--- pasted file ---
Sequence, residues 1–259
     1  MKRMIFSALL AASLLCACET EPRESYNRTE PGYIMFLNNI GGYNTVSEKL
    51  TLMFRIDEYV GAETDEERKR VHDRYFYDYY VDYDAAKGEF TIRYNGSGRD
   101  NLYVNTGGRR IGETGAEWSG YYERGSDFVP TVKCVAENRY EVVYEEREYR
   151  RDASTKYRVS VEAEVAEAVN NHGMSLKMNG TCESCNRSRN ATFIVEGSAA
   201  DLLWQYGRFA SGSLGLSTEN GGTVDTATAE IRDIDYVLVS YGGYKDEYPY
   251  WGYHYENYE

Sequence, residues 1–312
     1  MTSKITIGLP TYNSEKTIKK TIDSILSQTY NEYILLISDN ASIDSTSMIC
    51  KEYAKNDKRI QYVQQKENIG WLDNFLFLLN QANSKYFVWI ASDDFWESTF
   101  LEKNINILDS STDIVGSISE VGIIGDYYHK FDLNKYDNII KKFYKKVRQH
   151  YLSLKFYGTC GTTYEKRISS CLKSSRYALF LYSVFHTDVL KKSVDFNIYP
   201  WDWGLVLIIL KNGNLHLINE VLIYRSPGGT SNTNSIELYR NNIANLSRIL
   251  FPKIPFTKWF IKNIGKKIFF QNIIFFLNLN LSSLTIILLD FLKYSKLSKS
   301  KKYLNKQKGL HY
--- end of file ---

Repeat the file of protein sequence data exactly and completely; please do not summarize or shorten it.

Sequence, residues 1–259
     1  MKRMIFSALL AASLLCACET EPRESYNRTE PGYIMFLNNI GGYNTVSEKL
    51  TLMFRIDEYV GAETDEERKR VHDRYFYDYY VDYDAAKGEF TIRYNGSGRD
   101  NLYVNTGGRR IGETGAEWSG YYERGSDFVP TVKCVAENRY EVVYEEREYR
   151  RDASTKYRVS VEAEVAEAVN NHGMSLKMNG TCESCNRSRN ATFIVEGSAA
   201  DLLWQYGRFA SGSLGLSTEN GGTVDTATAE IRDIDYVLVS YGGYKDEYPY
   251  WGYHYENYE

Sequence, residues 1–312
     1  MTSKITIGLP TYNSEKTIKK TIDSILSQTY NEYILLISDN ASIDSTSMIC
    51  KEYAKNDKRI QYVQQKENIG WLDNFLFLLN QANSKYFVWI ASDDFWESTF
   101  LEKNINILDS STDIVGSISE VGIIGDYYHK FDLNKYDNII KKFYKKVRQH
   151  YLSLKFYGTC GTTYEKRISS CLKSSRYALF LYSVFHTDVL KKSVDFNIYP
   201  WDWGLVLIIL KNGNLHLINE VLIYRSPGGT SNTNSIELYR NNIANLSRIL
   251  FPKIPFTKWF IKNIGKKIFF QNIIFFLNLN LSSLTIILLD FLKYSKLSKS
   301  KKYLNKQKGL HY